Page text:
But this musician is a specialist, and when Souie steps out of his specialty, only for a moment, it all comes crashing down on him...

For early JDM, "You Got to Have a Good Lip" isn't bad, and the author's attempts at a kind of stylized idiom full of colorful slang spoken by earthy characters works more often than it doesn't. It was rare for MacDonald to have a first-person narrator tell an entire story using this kind of language, and as his career progressed it was a task that eventually fell to secondary characters. The author usually used it for comic effect, reaching its apogee in his 1949 mainstream story "Looie Follows Me." These kinds of tales featuring musicians, second-rate actors, gangsters and other assorted low-lifes populated the fiction pages of certain magazines in the 1940's, and none of them were mystery pulps. Pulp magazines demanded action, violence and real crime before anything else. Slicks like Esquire preferred a bit of distance from its subject matter, lives to be looked into and marveled at and to feel superior to. These walls eventually broke down in the 1950's as fiction became less important to the slick magazines, but there has always been a dichotomy in the world of fiction between the "serious" writers and the "popular" ones. I think MacDonald longed to be a serious writer despite protestations to the contrary, at least early in his writing career, and he never stopped producing mainstream fiction. His readers can be thankful that the editors of all of the slick magazines to which he submitted work to in late 1945 didn't think he was good enough to join the ranks of the serious boys and girls.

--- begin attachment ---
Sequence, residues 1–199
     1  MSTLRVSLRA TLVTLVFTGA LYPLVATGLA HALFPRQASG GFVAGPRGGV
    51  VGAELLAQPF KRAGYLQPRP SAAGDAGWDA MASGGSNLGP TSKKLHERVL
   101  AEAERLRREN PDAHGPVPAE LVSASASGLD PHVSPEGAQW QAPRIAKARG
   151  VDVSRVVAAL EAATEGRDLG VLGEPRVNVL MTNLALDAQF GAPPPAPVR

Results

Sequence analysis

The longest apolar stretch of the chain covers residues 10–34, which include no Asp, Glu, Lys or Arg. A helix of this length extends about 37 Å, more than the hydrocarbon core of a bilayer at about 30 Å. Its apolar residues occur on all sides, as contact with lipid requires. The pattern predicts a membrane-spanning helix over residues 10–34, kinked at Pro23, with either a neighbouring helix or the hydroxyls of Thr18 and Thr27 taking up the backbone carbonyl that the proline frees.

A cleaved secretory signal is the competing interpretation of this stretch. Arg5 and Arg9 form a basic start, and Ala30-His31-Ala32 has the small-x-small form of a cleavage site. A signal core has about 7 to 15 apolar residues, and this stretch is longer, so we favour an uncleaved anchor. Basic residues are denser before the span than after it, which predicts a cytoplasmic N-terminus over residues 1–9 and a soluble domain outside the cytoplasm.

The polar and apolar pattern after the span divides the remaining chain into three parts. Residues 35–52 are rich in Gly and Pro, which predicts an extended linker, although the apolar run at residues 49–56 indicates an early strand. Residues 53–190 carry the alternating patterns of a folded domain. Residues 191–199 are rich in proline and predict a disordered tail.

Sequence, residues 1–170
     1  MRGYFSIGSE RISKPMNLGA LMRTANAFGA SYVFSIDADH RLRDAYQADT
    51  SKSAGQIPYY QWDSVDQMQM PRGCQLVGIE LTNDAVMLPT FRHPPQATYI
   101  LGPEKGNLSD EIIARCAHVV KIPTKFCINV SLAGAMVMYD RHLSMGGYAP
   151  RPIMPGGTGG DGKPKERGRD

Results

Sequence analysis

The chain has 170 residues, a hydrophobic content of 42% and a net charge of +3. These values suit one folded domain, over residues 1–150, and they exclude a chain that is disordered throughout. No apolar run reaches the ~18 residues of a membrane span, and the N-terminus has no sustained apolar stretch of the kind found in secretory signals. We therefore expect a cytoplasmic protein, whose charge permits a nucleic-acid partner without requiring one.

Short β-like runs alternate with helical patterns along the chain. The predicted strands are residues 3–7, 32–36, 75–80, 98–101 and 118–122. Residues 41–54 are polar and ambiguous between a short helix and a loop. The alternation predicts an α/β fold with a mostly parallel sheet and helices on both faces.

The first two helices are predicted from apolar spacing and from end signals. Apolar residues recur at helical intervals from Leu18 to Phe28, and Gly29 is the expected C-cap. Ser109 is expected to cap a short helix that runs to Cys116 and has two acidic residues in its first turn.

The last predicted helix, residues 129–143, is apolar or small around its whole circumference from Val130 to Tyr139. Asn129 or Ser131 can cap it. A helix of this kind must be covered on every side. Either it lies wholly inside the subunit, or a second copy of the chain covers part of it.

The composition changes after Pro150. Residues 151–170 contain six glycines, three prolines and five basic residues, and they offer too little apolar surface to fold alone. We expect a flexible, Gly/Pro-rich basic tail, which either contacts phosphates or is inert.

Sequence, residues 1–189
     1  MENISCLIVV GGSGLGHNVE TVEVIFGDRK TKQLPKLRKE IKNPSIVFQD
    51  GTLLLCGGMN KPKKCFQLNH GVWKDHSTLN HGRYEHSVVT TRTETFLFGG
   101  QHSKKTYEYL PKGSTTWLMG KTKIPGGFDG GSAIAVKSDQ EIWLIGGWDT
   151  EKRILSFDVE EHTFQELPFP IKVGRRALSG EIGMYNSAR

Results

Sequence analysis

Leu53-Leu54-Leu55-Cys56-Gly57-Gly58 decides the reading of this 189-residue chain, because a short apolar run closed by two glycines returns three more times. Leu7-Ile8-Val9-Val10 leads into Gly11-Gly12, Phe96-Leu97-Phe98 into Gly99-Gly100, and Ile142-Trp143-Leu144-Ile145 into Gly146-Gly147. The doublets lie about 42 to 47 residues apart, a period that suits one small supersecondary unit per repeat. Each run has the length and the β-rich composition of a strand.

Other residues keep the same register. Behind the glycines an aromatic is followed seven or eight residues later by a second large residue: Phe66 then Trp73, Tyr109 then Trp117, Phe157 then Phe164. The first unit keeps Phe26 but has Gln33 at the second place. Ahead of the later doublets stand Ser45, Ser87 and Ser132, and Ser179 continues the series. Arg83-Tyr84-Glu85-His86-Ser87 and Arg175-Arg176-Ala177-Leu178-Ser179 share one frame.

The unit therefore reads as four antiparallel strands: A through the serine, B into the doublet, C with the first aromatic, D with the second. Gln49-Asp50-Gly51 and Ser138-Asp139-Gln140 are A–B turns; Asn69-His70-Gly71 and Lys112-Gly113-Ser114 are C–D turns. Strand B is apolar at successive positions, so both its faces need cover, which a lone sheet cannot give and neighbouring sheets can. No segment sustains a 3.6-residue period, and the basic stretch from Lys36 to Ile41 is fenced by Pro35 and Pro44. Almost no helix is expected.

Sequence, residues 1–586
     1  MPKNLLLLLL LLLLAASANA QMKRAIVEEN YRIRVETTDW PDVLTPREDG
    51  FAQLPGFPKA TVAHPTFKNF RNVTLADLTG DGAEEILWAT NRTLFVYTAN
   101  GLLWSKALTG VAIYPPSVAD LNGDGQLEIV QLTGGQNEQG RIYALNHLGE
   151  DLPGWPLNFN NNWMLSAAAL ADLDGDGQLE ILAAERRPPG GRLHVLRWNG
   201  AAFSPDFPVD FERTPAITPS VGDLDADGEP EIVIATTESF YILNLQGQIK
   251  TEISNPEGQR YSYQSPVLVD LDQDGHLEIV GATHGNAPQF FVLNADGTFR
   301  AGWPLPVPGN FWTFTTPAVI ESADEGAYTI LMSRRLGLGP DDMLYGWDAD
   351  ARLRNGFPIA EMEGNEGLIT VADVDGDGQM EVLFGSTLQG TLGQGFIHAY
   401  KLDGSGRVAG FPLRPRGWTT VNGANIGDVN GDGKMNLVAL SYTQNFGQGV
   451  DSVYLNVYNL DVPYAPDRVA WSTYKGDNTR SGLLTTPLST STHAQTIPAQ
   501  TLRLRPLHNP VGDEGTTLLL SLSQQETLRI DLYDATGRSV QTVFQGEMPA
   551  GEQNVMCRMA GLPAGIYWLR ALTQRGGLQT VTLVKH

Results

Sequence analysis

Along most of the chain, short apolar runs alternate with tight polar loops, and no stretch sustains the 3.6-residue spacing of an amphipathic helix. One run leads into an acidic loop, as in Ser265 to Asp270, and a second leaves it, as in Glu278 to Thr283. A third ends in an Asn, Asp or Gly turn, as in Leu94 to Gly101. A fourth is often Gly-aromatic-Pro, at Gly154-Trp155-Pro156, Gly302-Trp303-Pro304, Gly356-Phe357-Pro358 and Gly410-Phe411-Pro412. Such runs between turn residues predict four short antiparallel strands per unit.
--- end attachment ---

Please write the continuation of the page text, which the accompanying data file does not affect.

I'm sure MacDonald viewed this first appearance in a slick with some pride, so much so that he notified the local newspaper of its pending publication. The November 17, 1946 edition of the Utica Observer-Dispatch ran the following piece on page 2 of their Sunday paper, complete with the author's home address, in case one felt like stopping by to congratulate him: